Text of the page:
Over 50% of Malaysians are either overweight or obese and suffering from high cholesterol, more than 33% are afflicted by high blood pressure, and are 17% diabetic.
Even more worrying, healthcare professionals have said, is the number of people who are undiagnosed for the aforementioned conditions.
Deputy Director of Non-Communicable Diseases at the Ministry of Health's Disease Control Division, Dr Feisul Mustapha, said this was particularly concerning when it came to hypertension, as there were three undiagnosed cases for every two diagnosed cases.
At the recent Innovation Labs World summit in Singapore, he stated that a lack of screening was mainly to blame for this problem, and offered recommendations on how to bring about the necessary behavioural changes to solve it.
Malady of the mindset
One of the major factors in the high rates of obesity and other non-communicable diseases (NCDs) in Malaysia is that people treat it health as a low priority. Despite the government giving free health screening vouchers to contributors to the Employee Provident Fund, only a fifth of them have been used.
Mustapha said, "This is weird. Malaysians love free stuff. If there's free food, Malaysians will go for it — but priority free screening? No one wants to use it."
At the same time, health literacy among Malaysian adults is a mere 6.6%, according to the latest National Health and Morbidity Survey. Mustapha explained that apart from awareness and knowledge, health literacy also entailed how healthcare was understood and applied.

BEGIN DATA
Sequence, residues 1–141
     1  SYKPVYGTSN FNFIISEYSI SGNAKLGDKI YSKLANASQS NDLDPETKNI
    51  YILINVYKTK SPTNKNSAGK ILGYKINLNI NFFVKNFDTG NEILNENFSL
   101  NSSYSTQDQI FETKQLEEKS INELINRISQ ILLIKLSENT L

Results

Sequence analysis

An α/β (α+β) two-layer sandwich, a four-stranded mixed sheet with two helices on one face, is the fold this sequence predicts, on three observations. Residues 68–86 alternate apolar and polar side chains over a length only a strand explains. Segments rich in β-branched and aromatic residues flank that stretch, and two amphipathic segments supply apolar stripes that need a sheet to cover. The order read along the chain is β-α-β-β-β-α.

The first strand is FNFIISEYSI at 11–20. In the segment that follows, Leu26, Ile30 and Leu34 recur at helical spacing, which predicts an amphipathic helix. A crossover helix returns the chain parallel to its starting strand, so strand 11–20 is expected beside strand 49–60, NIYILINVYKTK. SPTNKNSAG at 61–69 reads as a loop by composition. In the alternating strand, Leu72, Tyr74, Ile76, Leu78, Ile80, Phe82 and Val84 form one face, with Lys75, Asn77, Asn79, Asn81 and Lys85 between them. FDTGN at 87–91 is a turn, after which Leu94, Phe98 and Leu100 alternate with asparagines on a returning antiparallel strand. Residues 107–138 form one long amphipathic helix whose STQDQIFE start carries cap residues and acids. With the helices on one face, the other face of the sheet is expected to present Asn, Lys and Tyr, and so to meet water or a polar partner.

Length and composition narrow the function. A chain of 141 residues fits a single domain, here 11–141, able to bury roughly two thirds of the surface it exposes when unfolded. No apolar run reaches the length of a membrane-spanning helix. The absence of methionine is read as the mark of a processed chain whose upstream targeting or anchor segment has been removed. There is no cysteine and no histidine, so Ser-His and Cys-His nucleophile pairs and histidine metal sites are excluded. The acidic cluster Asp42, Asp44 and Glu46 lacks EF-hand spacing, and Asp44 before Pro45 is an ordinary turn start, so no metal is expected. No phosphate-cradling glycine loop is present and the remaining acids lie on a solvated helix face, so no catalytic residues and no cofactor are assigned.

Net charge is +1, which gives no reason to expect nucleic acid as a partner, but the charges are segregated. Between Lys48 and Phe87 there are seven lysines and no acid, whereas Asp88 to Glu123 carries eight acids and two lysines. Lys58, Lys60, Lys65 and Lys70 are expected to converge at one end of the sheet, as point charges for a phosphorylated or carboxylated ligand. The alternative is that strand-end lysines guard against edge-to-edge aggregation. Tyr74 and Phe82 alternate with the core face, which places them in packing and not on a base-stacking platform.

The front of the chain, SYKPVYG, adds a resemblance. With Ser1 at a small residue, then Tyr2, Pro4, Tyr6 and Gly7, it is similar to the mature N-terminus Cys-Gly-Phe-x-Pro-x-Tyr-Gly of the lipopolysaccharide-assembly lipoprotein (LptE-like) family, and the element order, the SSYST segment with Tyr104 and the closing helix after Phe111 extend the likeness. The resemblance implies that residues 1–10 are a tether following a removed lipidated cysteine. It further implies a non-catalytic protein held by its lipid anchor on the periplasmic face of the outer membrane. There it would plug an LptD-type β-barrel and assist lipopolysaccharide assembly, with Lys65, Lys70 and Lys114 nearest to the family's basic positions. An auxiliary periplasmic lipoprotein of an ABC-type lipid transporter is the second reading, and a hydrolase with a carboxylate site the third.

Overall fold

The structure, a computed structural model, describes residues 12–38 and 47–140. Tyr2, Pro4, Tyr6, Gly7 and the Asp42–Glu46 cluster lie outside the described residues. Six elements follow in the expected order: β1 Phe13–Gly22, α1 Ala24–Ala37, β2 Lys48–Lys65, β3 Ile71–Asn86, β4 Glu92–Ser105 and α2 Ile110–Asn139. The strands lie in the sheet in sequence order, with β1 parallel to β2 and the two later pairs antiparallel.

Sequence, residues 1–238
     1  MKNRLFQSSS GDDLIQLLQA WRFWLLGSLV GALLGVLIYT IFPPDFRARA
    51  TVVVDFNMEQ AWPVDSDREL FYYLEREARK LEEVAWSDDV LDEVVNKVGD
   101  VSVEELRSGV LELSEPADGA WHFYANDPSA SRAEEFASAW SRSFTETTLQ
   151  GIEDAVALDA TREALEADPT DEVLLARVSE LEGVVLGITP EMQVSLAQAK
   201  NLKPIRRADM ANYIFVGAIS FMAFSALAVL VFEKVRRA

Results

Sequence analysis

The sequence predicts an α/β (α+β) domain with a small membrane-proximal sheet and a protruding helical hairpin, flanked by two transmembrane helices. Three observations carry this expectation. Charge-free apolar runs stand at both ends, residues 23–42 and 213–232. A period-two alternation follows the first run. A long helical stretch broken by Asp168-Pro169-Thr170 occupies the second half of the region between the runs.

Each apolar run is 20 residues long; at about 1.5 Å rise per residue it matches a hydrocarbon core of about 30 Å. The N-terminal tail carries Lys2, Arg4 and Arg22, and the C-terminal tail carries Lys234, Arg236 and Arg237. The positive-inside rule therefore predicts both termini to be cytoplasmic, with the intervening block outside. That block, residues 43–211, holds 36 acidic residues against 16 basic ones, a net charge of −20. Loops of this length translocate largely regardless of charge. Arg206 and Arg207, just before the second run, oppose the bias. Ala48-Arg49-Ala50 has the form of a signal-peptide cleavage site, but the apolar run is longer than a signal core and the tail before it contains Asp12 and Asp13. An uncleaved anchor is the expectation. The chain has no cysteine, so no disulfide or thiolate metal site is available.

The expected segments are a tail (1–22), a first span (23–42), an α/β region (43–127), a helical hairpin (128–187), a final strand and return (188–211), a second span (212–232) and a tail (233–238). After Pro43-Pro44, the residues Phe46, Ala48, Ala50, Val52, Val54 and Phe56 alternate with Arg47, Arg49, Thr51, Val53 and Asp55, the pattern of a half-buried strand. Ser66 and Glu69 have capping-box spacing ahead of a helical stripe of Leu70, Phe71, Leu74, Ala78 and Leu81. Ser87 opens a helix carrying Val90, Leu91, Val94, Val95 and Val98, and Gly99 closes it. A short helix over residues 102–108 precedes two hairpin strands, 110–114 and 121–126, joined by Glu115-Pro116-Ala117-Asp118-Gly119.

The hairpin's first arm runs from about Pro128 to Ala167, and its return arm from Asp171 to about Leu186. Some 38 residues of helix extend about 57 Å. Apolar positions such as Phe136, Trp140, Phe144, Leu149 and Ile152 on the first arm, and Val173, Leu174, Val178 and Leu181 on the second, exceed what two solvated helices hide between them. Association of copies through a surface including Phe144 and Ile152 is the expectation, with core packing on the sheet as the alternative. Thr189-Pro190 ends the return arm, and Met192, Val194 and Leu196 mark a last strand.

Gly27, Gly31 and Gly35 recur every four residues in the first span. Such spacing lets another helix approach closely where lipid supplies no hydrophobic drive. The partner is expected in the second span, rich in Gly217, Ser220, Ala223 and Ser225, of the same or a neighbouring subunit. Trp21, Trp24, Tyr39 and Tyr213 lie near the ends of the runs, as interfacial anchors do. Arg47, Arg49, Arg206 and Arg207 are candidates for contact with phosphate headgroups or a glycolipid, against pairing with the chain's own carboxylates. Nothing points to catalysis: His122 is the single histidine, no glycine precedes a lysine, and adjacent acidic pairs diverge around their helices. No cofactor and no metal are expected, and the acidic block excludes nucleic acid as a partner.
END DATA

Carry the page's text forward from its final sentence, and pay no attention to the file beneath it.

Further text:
Time for a digital catalyst?
He added that even with the proper policies and campaigns in place, Malaysians required a supportive living environment to effectively change their dietary habits and lifestyle patterns — in other words, healthier choices should be readily and widely available.
This is where digital health solutions can serve an important purpose, especially with the help of public-private partnerships.
At present, the Ministry of Health is cooperating with the private sector to develop apps that seek to point their users in the right direction when it comes to making better dietary and exercise choices.
One such app is is BookDoc Activ, which offers monthly tier-based rewards to users based on their average daily step count.
The Ministry of Health is working with the developers of the app to include functions that go beyond step count, and provide more helpful interactions between the user and the app.
Another such app is Naluri, an AI-powered app designed to be a digital motivational coach of sorts. Using big data to familiarise itself with the user's culture, first language, and lifestyle challenges, the app then provides access to qualified professionals in the local health sector, such as nutritionists, dietitians and personal trainers.
Mustapha concluded his address at the summit by saying: "I'm biased towards prevention, and to empower individuals in communities.
"We need new partners to find new solutions (and) it will certainly take a team effort from across (the) government, private sector, and the wider community for Malaysia to push for healthier lifestyles."